"Pressures often seem to mount in February or March, while examination times are almost always stressful. Some dyslexic students withdraw into a shell at bad times and cannot cry for help. The tutor should know where to find his students and if he has not seen a student for some time, perhaps drop in casually to check that all is well..." - Dyslexia at CollegeFIGHTING FEBRUARY BLUES

There are seasonal issues that can make February an especially difficult month for everyone. The holiday rush and start of the new term are over, the daylight hours are shorter, and midterms are looming large. Work may pile up as students fall increasingly behind. They may no longer have the positive input or feedback that good parents may have provided when they were younger. Seasonal Affective Disorder is fairly common.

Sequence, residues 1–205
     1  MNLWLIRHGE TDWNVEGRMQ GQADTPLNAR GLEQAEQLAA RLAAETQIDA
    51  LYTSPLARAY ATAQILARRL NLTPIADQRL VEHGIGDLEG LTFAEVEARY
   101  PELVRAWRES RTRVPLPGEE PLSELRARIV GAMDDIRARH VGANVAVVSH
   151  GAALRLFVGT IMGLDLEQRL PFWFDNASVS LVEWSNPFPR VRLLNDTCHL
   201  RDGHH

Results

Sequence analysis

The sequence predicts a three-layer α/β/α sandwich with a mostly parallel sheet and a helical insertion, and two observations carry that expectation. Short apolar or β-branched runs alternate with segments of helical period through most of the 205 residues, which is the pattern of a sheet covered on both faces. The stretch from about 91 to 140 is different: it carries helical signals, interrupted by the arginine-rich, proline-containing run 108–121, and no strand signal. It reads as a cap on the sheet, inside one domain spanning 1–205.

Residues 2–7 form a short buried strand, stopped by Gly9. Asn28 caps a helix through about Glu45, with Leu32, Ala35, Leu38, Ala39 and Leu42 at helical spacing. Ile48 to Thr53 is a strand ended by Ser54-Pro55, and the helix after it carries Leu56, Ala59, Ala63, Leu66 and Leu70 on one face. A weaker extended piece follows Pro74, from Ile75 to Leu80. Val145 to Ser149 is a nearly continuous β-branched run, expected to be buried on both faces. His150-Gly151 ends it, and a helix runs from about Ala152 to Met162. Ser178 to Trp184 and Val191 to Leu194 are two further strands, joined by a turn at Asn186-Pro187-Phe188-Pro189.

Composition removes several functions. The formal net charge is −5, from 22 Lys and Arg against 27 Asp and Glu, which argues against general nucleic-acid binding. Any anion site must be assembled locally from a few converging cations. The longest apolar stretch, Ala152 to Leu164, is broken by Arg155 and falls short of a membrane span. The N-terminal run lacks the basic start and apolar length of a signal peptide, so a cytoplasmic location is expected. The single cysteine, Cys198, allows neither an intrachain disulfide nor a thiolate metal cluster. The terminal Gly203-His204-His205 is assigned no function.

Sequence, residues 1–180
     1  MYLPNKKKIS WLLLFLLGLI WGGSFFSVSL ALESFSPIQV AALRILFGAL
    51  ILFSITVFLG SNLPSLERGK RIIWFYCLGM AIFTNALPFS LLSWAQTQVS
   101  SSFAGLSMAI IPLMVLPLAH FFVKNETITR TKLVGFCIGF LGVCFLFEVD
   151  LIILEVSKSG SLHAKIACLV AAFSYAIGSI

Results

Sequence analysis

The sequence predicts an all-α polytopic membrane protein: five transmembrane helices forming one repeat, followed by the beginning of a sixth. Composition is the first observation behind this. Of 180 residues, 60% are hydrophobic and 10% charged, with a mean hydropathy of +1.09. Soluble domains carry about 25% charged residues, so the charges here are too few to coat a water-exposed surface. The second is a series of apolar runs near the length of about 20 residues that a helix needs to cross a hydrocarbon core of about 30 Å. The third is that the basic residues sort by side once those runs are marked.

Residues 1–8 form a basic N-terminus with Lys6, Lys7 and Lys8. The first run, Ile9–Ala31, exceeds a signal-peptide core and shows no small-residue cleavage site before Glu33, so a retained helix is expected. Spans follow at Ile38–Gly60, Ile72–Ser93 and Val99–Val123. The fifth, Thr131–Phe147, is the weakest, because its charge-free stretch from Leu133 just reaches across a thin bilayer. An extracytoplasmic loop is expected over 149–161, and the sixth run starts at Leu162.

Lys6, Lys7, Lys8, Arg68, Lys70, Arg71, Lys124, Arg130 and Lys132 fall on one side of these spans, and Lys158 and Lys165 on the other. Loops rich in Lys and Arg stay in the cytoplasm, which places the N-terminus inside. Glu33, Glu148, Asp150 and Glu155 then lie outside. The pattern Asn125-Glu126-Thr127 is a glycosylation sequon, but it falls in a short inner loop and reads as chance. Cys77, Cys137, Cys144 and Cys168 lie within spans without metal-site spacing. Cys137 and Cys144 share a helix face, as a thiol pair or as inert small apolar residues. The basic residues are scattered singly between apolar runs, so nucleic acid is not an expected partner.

Symptoms of seasonal affective disorder tend to begin in the teen to early adult years and affect 5-10% of the population. Symptoms may include: increased feelings of stress or anxiety, oversleeping, lowered mood, more irritability, appetite changes, changes in school performance.

Fighting February Blues

If students are away at college or if adults work in an office setting, they may be able to get accommodations such as a light therapy box or room with natural lighting.

Sleep-wake cycles can also be very chaotic at university – especially with additional factors such as all-nighters, caffeine, and nighttime media use (fyi – there is a free app for mac called f.lux that reduces sleep-disrupting blue light). If this is you, here are some suggestions: maximize your time in daylight, continue to do activities you enjoy, eat well, exercise, get enough sleep, consider light therapy and professional help if symptoms don’t improve.


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